Stem cell-derived neurons are generally obtained in mass cultures that lack both spatial organization and any meaningful connectivity. We implement a microfluidic system for long-term culture of human neurons with patterned projections and synaptic terminals. Co-culture of human midbrain dopaminergic and striatal medium spiny neurons on the microchip establishes an orchestrated nigro-striatal circuitry with functional dopaminergic synapses. We use this platform to dissect the mitochondrial dysfunctions associated with a genetic form of Parkinson's disease (PD) with OPA1 mutations. Remarkably, we find that axons of OPA1 mutant dopaminergic neurons exhibit a significant reduction of mitochondrial mass. This defect causes a significant loss of dopaminergic synapses, which worsens in long-term cultures. Therefore, PD-associated depletion of mitochondria at synapses might precede loss of neuronal connectivity and neurodegeneration. In vitro reconstitution of human circuitries by microfluidic technology offers a powerful system to study brain networks by establishing ordered neuronal compartments and correct synapse identity.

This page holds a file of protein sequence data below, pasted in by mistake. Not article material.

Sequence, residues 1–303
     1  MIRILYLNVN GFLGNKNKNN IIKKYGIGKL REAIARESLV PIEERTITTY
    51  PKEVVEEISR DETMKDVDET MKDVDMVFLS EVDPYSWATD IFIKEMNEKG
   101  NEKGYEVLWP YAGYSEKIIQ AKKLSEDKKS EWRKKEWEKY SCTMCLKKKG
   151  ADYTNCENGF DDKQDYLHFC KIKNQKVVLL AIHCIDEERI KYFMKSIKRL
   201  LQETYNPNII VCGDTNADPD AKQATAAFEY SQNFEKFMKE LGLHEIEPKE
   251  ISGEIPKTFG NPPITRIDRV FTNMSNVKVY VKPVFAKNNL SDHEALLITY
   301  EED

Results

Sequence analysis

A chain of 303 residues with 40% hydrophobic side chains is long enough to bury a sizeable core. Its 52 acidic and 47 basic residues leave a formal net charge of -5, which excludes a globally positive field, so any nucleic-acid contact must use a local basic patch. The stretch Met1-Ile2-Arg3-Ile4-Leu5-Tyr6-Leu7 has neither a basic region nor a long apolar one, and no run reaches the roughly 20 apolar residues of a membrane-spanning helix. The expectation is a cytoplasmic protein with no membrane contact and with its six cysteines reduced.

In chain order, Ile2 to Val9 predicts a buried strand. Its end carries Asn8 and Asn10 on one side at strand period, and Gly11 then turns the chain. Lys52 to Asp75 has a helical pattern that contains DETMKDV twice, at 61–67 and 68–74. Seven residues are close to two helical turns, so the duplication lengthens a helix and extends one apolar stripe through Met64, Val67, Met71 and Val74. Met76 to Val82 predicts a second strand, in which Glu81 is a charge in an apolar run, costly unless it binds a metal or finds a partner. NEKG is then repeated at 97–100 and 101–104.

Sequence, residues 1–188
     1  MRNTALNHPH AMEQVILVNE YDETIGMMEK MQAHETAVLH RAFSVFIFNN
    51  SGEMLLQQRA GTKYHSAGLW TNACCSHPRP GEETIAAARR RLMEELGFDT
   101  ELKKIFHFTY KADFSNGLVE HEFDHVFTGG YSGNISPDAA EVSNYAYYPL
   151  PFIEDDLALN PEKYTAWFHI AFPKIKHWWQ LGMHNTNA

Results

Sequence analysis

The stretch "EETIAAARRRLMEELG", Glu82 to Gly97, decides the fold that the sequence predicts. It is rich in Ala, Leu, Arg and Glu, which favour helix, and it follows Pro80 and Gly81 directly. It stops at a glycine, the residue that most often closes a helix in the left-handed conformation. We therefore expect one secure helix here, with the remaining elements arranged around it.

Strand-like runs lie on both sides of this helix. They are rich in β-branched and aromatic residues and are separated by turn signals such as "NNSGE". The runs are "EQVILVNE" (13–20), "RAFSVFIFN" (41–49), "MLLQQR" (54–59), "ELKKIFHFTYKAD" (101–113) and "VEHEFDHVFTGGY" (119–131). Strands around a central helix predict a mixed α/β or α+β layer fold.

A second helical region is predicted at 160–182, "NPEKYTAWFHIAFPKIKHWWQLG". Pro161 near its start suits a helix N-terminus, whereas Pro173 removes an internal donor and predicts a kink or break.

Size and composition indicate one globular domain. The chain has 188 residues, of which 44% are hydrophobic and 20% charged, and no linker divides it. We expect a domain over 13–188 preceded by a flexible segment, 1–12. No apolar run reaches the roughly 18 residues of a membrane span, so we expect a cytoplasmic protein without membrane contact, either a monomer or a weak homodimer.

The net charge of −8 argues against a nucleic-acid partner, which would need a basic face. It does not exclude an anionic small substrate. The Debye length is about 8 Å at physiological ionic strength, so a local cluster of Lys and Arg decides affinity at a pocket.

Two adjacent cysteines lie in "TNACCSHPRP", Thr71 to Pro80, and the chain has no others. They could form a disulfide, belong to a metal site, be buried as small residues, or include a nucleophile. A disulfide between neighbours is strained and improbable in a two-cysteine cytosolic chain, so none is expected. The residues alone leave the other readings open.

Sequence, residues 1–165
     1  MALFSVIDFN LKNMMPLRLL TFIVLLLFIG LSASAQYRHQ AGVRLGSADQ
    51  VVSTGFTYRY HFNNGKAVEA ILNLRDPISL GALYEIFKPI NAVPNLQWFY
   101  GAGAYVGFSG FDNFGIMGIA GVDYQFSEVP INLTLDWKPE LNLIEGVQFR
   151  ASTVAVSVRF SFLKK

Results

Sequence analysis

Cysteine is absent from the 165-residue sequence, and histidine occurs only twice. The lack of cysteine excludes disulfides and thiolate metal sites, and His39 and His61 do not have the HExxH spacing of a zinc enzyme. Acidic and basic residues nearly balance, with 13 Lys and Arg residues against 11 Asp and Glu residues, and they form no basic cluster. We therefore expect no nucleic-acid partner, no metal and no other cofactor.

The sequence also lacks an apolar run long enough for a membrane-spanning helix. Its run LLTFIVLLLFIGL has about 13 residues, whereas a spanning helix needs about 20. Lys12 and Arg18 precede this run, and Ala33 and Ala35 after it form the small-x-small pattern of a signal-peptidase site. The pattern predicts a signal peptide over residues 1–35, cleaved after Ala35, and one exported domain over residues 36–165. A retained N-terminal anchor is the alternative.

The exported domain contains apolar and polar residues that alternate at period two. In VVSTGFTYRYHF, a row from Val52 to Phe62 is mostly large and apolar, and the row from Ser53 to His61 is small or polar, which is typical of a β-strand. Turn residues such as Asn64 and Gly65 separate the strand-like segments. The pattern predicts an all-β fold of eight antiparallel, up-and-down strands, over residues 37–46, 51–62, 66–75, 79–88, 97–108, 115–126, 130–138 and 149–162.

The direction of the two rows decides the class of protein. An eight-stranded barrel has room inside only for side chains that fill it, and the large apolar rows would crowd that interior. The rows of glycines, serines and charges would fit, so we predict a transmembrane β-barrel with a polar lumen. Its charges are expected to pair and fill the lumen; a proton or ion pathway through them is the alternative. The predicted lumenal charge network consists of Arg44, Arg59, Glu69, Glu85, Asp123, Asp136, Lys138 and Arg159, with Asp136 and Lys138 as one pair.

|Publication status||Published - Dec 24 2019|
ASJC Scopus subject areas
- Biochemistry, Genetics and Molecular Biology(all)